Economics

The Manhattan of Venezuela Parties Against a Backdrop of Crisis

Caracas’s epicenter of unrest also offers its best nightlife.

Alexandra Lovera (standing) takes a shot at the posh restaurant La Esquina, which is popular among high society, in Chacao on July 14, 2017.

Photographer: Meridith Kohut/Bloomberg

In the courtyard of La Esquina, a restaurant in Caracas’s upscale Chacao district, Alexandra Lovera lived the more pleasant half of her double life.

The 24-year-old culinary student and frequent protester of Venezuela’s authoritarian government was among a birthday party that also included a television host, a baseball agent and a gaggle of business owners. They were smoking a hookah and knocking back sangria and whiskey.

“In the day, I’m in the march or the barricades,” Lovera said. “I come home, bathe and change and text my friends, ‘What’s the plan?’” she said. “It’s like a routine.”

In mornings and afternoons, protesters pack Chacao’s plazas and streets, erecting barricades and throwing stones. After the sun goes down, bars light up and the cocktail of choice isn’t a Molotov, but a Scotch. For a select few Venezuelans, the epicenter of unrest is also the best place to escape the country’s myriad woes.

Antigovernment graffiti in Chacao, with a hashtag that says in Spanish: “The dictatorship falls.”
Photographer: Meridith Kohut/Bloomberg

From afar, Venezuela’s capital appears to burn day and night. Protests against authoritarian President Nicolas Maduro have raged for more than 100 days, claiming scores of lives as the economy crumbles and masses go hungry. This month, the nation faces the prospect of a constitutional assembly that could hamstring democracy, a general strike and the possibility of fresh economic sanctions. But after dark, an elite class emerges to fill Chacao’s bars, strip clubs and marble-floored shopping malls.

“It’s the Manhattan of Caracas,” Mayor Ramon Muchacho said.

Venezuela was once the continent’s wealthiest nation thanks to its oil riches, and its capital was renowned for its glittering nightlife. Today, Chacao, on the more affluent east side, draws expatriates, a mix of old and new money spending savings or the proceeds from a government contract — and those simply willing to blow a paycheck to forget for a while.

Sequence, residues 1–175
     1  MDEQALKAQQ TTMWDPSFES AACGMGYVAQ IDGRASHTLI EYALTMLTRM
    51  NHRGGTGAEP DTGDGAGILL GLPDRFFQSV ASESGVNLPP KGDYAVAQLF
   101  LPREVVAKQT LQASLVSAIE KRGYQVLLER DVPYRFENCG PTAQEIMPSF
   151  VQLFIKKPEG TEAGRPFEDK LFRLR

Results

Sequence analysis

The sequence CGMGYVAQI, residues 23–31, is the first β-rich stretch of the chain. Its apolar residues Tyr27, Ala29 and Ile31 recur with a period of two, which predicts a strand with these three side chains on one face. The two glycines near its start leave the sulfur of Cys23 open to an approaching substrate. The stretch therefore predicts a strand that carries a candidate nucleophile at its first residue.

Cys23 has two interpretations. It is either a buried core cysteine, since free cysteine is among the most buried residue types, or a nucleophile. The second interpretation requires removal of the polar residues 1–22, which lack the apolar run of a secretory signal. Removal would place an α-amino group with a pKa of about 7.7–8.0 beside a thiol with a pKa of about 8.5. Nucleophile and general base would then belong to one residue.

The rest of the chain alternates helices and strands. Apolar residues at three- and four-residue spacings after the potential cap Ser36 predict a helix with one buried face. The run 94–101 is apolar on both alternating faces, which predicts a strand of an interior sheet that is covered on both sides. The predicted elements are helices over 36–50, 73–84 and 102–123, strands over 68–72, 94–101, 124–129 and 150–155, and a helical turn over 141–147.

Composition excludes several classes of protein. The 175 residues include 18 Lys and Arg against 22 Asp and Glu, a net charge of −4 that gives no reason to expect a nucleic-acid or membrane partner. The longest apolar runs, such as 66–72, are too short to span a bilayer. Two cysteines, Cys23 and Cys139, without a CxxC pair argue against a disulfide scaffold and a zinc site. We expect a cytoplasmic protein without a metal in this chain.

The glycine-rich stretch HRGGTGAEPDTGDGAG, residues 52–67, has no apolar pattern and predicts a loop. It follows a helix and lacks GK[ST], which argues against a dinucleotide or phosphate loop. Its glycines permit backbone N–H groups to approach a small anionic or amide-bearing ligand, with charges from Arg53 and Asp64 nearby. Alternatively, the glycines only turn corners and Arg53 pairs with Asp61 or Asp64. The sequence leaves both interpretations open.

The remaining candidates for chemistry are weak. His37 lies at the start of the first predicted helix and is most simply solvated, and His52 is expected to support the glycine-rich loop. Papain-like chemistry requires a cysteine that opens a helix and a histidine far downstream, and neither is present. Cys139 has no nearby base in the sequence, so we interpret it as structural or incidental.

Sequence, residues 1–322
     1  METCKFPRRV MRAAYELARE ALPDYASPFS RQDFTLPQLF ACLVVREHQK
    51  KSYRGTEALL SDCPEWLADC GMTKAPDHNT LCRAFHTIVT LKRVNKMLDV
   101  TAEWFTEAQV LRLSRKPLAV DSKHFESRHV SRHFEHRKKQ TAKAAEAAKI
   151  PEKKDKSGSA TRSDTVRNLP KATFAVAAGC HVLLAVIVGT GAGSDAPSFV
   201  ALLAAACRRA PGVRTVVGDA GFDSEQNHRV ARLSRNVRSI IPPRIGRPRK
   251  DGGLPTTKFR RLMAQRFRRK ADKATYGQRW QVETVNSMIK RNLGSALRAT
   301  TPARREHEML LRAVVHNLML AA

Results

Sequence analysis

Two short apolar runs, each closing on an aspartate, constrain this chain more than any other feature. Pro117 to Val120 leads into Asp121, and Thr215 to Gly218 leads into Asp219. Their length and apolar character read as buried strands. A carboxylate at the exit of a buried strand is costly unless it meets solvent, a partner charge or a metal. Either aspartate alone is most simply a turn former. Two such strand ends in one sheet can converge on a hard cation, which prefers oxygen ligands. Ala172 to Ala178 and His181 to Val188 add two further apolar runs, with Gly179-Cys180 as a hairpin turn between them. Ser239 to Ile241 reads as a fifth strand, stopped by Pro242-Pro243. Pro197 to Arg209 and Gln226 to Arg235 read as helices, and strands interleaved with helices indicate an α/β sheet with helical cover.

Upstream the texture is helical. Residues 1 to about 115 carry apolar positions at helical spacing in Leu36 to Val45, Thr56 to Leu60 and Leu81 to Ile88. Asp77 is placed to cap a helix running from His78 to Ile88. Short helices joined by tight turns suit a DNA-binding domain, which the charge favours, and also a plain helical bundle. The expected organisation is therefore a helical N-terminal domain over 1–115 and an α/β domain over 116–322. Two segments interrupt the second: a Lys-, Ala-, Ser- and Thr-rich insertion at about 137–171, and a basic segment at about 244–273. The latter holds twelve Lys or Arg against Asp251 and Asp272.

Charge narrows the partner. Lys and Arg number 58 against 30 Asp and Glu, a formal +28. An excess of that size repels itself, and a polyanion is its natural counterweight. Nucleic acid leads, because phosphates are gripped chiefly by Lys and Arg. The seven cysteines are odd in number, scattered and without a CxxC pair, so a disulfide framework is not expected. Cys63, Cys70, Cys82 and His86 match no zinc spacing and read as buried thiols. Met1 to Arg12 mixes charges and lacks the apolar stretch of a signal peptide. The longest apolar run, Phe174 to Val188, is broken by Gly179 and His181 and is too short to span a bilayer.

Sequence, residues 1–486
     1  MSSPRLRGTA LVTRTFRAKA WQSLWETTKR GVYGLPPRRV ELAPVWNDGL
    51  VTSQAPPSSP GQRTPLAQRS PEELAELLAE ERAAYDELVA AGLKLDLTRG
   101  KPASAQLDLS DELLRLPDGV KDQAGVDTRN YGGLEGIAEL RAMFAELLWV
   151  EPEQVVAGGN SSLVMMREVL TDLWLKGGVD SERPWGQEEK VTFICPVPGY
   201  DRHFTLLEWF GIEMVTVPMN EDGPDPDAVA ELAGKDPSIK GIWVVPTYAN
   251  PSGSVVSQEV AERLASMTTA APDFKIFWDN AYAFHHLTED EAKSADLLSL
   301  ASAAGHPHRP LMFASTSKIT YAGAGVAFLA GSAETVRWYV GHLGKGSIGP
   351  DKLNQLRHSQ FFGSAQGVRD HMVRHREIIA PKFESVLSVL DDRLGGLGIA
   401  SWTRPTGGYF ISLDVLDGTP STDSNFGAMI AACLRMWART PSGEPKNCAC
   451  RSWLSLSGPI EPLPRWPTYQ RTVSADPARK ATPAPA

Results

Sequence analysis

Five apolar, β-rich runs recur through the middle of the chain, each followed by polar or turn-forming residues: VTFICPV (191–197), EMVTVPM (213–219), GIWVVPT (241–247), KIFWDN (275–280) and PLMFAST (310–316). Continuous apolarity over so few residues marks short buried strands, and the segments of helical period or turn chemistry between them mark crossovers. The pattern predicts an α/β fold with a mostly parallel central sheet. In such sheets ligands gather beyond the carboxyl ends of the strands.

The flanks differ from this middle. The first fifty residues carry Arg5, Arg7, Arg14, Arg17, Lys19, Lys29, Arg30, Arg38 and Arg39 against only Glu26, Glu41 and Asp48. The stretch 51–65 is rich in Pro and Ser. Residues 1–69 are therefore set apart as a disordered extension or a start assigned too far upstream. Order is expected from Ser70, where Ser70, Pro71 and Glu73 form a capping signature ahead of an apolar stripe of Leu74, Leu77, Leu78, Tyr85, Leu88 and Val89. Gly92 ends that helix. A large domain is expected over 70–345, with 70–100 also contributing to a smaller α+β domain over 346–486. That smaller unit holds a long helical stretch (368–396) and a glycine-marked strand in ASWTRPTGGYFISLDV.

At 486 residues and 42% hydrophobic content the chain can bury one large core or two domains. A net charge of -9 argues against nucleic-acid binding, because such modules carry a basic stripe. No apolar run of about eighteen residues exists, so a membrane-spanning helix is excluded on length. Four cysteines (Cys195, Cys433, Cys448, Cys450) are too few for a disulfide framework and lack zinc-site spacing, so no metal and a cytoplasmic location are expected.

“This is the country of magical surrealism,” said Edgar Grossmann, 50, a transportation company owner who hunched over a bar at La Esquina as the birthday party bubbled behind him. “The country’s going to hell, but people keep going out — there’s no alternative.”

The capital’s smallest district, Chacao is also the wealthiest, boasting a financial zone, a half-dozen shopping malls and an elite golfing enclave called The Country Club. The sliver-thin neighborhood is packed with low-rise apartments and gated residences and stretches from the Guaire River to the lush green mountain that separates Caracas from the Caribbean.

Long a bastion for opponents of the socialist government, two former Chacao mayors contended with the late Hugo Chavez for the presidency. Now, the neighborhood is an arena for protests because it’s the most central district that the opposition controls, nearest to off-limits downtown ministries and the presidential Miraflores Palace.

After demonstrations, customers trickle in to La Esquina wearing the opposition’s white clothes and red-yellow-and-blue caps, said Juan Carlos Senior, 31, who opened the restaurant in 2015 with a partner.

“You protest in the morning,” said Senior, “but that doesn’t mean you stop living.”

People sip cocktails on the roof of 360 Bar in Chacao.
Photographer: Meridith Kohut/Bloomberg

Thanks to fear of crime, the district’s raucous overnight parties have largely given way to afternoon brunches. But on weekends, lines of dark-tinted SUVs — some armored and protected by bodyguards — wait for partying passengers late into the evening.

Tomas Perez, a construction company owner at a lounge where disc jockeys spun house music, said he had been kidnapped twice, so he hits the town in a bulletproof Toyota 4Runner.

“It’s not standard,” he said, “but it is the standard for those who want to go out.”

In Chacao, fine dining can be had for the price of fast food. Chef Carlos Garcia says a 10-course meal of modern Venezuelan fare at his establishment, Alto, costs the equivalent of $20.

“Here, you get luxury,” said Garcia, 44, whose restaurant is the country’s only one with a Michelin star.

That luxury is enjoyed mainly by those who have access to hard U.S. currency. More than a decade of stringent controls engendered a thriving black market for dollars, which trade for hundreds of times their official worth. Many citizens have greenbacks squirreled away from flusher times, and some multinational companies pay in hard currency. Other Venezuelans have plum contracts with the government that allow them access to dollars.

Venezuelans without such resources also find ways to enjoy life amid a grinding conflict. On Fridays, crowds of locals pass around bottles outside Chacao’s liquor stores, while others pack its Spanish-style pubs to watch sporting events.

“Everyone is looking for an escape valve — each at their own level,” said Pedro Mezquita, a restaurant critic and radio host.

Jose Cabrera, a 22-year-old university student out at a rooftop bar, said that when he’s not studying he participates in every demonstration he can, but friends criticized him for going out.

“Look, I march, I protest, I do my duty for my country,” said Cabrera. “But what are we going to do at night? Are we going to block a street? Are we going to march on Miraflores Palace? I’ll be back out on the streets tomorrow at 7 a.m., even with a hangover.”

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